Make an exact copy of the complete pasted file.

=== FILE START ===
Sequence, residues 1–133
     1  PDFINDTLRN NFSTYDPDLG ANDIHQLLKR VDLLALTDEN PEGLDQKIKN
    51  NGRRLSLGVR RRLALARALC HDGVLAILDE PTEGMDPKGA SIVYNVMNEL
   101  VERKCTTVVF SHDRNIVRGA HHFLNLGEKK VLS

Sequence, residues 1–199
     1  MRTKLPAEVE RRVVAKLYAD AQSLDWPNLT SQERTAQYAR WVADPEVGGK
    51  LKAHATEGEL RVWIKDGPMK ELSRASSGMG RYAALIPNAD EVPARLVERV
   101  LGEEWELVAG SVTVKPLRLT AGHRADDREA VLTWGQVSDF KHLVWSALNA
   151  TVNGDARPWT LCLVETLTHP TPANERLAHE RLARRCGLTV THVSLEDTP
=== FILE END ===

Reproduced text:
Sequence, residues 1–133
     1  PDFINDTLRN NFSTYDPDLG ANDIHQLLKR VDLLALTDEN PEGLDQKIKN
    51  NGRRLSLGVR RRLALARALC HDGVLAILDE PTEGMDPKGA SIVYNVMNEL
   101  VERKCTTVVF SHDRNIVRGA HHFLNLGEKK VLS

Sequence, residues 1–199
     1  MRTKLPAEVE RRVVAKLYAD AQSLDWPNLT SQERTAQYAR WVADPEVGGK
    51  LKAHATEGEL RVWIKDGPMK ELSRASSGMG RYAALIPNAD EVPARLVERV
   101  LGEEWELVAG SVTVKPLRLT AGHRADDREA VLTWGQVSDF KHLVWSALNA
   151  TVNGDARPWT LCLVETLTHP TPANERLAHE RLARRCGLTV THVSLEDTP